We ended our report with concern about how well LRT would be accepted as a new transit mode:
We recognize the position of the M.T.T.P.R. in avoiding the role of “salesman” for Light Rapid Transit or any other transit mode. However, we question whether the concept has been adequately introduced and explained to both the decision makers and general public in the Scarborough Expressway Planning Review […] . There has been little effort on the part of the Plan Review, the Toronto Transit Commission, the Metropolitan Toronto Government or the Provincial Government to cultivate a general awareness of the nature and capabilities of this transit mode. We question whether the Plan Review, in avoiding the “political” role of salesman for Light Rapid Transit, has abdicated its important purpose of informing the public on transit alternatives in transportation planning.
We recommend that the Plan Review, through its public participation program, undertake to educate the public on Light Rapid Transit so that they can intelligently assess the proposed alternatives to the Scarborough Expressway. [ibid]
Needless to say this did not happen, and the MTTPR’s head, Richard Soberman, went on to become the salesman who would bring ICTS to Scarborough at the behest of the provincial government. He even joked about this during his review a few years back of options for replacement of the aging SRT, with the clear implication that Scarborough Council were like carnival “marks” ripe for the picking with promises of a showcase for Ontario’s new technology. There was also very substantial arm twisting from Queen’s Park with threats of subsidy cutoffs if ICTS was not used by the TTC.
LRT didn’t have a chance, and Toronto has suffered ever since from the absence of that “missing link” between subways, buses and streetcars.
Maps of the Alternatives
The first map shows the LRT line following the Uxbridge Sub from Scarborough Junction north and slightly to the west to Kennedy & Eglinton. A short distance to the north, it enters the abandoned Orono Sub right-of-way and follows this to Ellesmere east of McCowan. Then the line swings west again into the north side of STC. This version could only be extended to Malvern by a branch that would continue on the Orono Sub north from Ellesmere and would not give direct Malvern to STC service. (This map was drawn in landscape with oddly oriented titles, and it has been rotated to portrait format to allow easy comparison between the schemes.)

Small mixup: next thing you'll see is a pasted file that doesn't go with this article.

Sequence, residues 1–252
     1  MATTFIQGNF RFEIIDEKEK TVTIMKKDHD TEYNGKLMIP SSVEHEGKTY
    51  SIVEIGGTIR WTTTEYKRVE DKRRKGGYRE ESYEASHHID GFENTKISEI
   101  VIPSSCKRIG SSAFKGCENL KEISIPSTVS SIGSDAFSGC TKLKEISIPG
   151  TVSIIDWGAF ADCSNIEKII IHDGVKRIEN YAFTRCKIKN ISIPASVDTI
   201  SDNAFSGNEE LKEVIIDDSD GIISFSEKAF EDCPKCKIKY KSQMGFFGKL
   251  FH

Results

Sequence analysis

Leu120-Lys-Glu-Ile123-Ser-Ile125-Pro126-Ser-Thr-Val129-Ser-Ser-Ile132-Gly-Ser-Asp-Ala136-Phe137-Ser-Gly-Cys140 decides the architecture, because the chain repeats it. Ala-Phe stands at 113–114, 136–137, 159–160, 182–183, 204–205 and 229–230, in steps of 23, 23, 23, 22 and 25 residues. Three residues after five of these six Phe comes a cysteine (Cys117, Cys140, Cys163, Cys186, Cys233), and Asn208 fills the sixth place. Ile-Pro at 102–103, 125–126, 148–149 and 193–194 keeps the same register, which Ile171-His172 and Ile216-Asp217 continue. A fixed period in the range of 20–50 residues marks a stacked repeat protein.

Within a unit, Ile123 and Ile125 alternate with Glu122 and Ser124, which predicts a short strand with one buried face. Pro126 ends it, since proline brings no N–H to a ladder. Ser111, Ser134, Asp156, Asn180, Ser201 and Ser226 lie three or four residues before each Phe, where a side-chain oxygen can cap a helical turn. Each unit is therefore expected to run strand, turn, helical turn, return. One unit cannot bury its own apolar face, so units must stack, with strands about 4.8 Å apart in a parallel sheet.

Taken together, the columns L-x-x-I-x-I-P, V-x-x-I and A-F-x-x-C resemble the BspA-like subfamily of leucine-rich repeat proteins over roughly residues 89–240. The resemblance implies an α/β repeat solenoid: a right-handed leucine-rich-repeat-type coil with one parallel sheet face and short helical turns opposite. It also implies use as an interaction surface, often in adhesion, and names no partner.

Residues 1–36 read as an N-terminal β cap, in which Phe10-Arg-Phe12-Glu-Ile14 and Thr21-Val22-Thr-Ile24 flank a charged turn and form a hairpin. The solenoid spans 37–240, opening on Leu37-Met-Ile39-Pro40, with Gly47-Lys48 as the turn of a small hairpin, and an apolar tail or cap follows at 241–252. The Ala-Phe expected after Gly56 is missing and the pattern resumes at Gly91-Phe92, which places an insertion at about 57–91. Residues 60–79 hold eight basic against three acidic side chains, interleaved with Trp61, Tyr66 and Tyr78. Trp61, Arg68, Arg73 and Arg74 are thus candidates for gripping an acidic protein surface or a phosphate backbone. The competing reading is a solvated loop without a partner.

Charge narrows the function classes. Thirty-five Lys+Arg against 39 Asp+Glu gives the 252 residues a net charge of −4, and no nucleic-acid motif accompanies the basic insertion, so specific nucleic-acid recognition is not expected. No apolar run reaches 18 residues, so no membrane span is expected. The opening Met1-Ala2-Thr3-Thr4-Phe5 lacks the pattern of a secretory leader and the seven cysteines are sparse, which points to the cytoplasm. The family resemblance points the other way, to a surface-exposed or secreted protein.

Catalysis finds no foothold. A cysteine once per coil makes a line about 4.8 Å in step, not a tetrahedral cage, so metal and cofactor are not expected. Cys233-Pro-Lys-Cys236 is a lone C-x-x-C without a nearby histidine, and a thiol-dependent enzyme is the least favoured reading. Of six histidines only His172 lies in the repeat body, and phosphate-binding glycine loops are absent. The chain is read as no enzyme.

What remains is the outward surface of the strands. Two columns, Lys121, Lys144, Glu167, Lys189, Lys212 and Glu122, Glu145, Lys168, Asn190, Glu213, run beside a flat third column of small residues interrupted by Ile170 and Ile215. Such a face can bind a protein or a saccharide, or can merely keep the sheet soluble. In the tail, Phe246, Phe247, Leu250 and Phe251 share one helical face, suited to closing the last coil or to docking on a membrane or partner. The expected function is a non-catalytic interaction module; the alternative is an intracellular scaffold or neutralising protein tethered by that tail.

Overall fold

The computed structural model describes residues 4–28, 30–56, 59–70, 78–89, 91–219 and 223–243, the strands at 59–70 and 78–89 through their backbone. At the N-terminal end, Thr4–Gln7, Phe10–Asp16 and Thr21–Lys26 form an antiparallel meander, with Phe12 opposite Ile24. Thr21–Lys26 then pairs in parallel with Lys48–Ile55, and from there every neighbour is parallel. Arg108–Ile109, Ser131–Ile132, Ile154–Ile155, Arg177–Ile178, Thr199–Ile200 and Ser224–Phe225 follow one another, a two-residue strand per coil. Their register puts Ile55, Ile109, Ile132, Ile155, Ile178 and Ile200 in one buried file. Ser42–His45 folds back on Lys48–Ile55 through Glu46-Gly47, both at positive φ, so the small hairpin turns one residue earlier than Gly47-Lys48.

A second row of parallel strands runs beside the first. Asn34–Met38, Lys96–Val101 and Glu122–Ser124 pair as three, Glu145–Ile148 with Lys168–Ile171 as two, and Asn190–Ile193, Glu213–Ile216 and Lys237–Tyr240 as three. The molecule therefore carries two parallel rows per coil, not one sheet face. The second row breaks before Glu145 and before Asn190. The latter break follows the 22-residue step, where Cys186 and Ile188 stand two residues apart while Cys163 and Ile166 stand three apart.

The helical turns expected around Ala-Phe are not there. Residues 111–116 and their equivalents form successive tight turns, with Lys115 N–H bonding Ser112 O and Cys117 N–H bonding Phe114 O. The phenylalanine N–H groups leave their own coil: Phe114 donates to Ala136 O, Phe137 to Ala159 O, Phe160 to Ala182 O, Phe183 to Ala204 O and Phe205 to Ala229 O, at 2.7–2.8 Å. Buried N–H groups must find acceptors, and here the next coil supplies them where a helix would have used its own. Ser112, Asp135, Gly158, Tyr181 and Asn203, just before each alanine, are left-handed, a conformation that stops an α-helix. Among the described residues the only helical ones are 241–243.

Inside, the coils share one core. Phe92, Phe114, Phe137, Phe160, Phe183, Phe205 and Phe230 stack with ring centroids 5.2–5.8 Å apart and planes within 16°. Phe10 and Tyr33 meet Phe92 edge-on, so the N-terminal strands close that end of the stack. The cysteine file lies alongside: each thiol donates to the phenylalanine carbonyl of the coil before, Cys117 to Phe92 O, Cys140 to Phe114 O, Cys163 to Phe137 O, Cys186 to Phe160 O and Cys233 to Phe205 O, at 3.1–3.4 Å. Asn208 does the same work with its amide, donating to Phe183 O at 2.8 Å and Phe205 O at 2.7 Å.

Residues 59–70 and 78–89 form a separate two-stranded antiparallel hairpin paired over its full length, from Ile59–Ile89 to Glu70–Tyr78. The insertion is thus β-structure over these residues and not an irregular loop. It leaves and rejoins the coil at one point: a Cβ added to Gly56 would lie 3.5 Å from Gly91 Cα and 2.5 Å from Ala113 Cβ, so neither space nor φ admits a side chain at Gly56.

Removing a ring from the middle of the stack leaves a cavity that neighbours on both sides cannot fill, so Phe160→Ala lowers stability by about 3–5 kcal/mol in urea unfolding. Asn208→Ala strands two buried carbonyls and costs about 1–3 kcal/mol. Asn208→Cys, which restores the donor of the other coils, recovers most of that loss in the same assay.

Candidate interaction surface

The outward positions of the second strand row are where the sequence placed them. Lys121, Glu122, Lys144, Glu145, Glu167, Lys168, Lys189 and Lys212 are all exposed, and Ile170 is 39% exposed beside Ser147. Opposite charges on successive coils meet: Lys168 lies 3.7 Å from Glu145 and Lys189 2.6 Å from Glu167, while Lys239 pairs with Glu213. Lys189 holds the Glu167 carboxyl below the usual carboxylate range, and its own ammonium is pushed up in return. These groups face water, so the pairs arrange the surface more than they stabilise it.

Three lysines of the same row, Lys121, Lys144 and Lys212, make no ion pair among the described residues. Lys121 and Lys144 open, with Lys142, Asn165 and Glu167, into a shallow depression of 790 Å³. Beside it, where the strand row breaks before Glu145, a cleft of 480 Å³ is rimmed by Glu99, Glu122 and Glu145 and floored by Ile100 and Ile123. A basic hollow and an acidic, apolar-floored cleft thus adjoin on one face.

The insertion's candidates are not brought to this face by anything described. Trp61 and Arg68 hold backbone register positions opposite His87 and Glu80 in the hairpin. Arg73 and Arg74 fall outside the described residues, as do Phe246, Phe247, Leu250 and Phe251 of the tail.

The second map is a sketch using the same alignment to Eglinton, then continuing north to Ellesmere, east to beyond Brimley, and then into STC from the southwest. Note the provision for extensions.
This is yet another one of the long list of bizarre transit plans that fortunately was never built. Why would anyone want to run LRT along the Lakeshore East line? If you are running along a GO train line you use electrified GO trains. Had we actually invested in proper GO train service in those days, using standard electrified rolling stock not something unusual like ICTS, then my guess is the SRT would have simply been a branch of the GO train network.
Now we have the proposal to replace the SRT with a costly subway extension, which I don’t think makes much sense. Not that the rather strange proposal to make the SRT part of the Sheppard LRT makes any sense either; somehow I wonder if you could convert the SRT to use the same electrified GO rolling stock an expanded Stouffville line uses, although you might not be able to run all the trains to Union due to lack of track capacity.